The FDA has inadvertently perhaps given you another reason to consider going organic or choosing grass-fed beef. Last week, the agency acknowledged a problem with livestock operations and human health with its decision to pursue steps to control antibiotic use. Antibiotics are used for three primary purposes. Disease prevention and treatment are the obvious uses. Another routine use is growth promotion.
On the surface, it appears like these uses are all wise choices for the agricultural business. After all, cutting down on losses, while ensuring a presumably better product make good sense. The problem though is the long-term effects of antibiotic use. People–and livestock–experience antimicrobial resistance after a time. Bacteria evolve and develop resistant forms. This means that antibiotic use is promoting the proliferation of bacteria that can withstand the use of common antibiotics such as tetracycline.
This is understandably a serious issue. It is complicated by the fact that global meat consumption is increasing. What’s more is that agriculture is moving more toward large-scale operations or factory farms. These situations can increase livestock stress and potentially, increase the risk for disease and its spread. By the FDA getting involved, you’d think that it was a good thing. Unfortunately, the FDA steps fall far short of making a change in the industry.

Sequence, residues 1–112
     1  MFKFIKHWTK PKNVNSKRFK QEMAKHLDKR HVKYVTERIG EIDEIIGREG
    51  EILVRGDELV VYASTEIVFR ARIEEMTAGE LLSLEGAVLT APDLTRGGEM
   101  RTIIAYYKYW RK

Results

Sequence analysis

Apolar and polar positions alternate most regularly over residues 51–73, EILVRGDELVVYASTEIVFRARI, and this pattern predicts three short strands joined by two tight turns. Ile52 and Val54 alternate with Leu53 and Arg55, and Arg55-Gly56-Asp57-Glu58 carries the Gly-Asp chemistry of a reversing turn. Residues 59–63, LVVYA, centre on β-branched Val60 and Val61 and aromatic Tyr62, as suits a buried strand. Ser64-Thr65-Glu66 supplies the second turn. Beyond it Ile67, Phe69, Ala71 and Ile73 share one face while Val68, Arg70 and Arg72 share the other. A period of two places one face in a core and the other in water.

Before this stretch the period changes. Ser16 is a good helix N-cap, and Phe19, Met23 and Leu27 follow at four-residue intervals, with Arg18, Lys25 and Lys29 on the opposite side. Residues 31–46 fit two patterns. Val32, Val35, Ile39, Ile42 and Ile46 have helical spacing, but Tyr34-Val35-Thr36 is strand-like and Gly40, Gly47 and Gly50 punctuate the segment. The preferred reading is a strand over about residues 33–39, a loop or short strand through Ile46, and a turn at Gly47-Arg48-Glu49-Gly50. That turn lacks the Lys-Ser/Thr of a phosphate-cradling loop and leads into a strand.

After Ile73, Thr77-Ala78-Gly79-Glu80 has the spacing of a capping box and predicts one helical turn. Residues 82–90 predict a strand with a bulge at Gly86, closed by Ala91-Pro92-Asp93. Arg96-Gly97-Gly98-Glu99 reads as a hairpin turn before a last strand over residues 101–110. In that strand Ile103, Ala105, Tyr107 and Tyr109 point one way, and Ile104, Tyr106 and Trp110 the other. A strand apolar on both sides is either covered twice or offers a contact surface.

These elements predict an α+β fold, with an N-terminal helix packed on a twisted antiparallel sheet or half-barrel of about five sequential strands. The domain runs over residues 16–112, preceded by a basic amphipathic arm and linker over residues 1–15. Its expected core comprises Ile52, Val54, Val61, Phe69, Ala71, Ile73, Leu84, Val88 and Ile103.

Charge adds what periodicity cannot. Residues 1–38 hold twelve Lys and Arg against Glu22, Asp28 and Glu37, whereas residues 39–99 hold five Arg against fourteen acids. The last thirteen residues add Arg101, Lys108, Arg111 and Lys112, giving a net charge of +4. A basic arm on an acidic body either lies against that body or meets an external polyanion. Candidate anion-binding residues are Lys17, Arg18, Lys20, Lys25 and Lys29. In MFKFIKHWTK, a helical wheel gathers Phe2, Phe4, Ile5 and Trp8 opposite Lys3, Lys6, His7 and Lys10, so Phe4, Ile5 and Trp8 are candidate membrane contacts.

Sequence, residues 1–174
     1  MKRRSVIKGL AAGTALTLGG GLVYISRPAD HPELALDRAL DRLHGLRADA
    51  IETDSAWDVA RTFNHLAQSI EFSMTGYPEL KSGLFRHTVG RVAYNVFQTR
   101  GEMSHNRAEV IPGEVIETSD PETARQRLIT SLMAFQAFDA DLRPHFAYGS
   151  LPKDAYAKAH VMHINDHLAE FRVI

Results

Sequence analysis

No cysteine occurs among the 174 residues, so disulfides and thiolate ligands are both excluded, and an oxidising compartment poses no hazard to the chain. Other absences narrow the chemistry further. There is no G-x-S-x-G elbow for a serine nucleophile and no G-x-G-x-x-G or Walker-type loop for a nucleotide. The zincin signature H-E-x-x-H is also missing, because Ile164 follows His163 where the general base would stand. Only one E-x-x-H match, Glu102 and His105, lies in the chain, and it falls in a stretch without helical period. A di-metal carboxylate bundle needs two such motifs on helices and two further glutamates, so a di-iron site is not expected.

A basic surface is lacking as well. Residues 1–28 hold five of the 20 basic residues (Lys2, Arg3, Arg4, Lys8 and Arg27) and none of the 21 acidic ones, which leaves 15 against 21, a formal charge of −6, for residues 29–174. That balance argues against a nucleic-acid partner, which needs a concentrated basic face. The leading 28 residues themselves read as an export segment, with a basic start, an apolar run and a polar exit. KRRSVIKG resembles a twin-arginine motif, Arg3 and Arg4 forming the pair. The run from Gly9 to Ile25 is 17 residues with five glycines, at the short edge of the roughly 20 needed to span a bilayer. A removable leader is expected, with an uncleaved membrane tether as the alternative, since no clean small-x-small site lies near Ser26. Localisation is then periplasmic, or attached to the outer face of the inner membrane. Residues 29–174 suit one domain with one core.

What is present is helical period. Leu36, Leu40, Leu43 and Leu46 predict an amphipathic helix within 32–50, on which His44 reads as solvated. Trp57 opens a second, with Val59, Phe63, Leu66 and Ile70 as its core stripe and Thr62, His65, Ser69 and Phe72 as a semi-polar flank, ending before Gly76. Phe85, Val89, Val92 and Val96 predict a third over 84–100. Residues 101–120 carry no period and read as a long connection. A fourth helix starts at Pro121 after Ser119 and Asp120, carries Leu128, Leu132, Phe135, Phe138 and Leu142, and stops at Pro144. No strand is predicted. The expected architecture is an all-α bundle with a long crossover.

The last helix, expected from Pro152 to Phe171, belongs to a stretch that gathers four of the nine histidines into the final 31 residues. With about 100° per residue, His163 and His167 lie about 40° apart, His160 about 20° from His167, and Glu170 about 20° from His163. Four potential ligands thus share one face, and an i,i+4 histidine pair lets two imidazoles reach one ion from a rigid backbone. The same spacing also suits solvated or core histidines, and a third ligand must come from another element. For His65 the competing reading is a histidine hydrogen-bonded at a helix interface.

The problem is that the measures are voluntary. Farmers and veterinary pharmaceutical companies are not compelled to change. They can do so voluntarily, but undoubtedly at a loss to their bottom line. What do you think is going to happen? Even if a farmer chooses to comply, the business has up to three months to formulate a new plan and an additional three years to implement it.
This makes for a stronger incentive to go organic, or at least choose grass-fed beef. Organic farming prohibits certain practices, like use of antibiotics. You can at least be assured that the foods you eat are not setting you up for a super bug. Each year, one in six Americans suffers from some type of foodborne illness. Some people can ride out a bout. Others require hospitalization. Over 3,000 don’t make it.
The Union of Concerned Scientists is not taking this weak attempt at regulating this issue lightly. They will continue to fight for stronger regulations. In the meantime, you can make the healthier choice and help fuel the interest in organic farming. The jury is still out about whether or not organic foods are more nutritious. They are, however, better for the environment and your health from a different perspective.
If the price turns you off, cutting down on your meat consumption isn’t the worse of choices. You’ll cut the amount of saturated fat in your diet, which is not all bad if just for the calories. You may actually find that the taste is meatier and more delicious. It can be one of the best wellness decisions that you’ll ever make.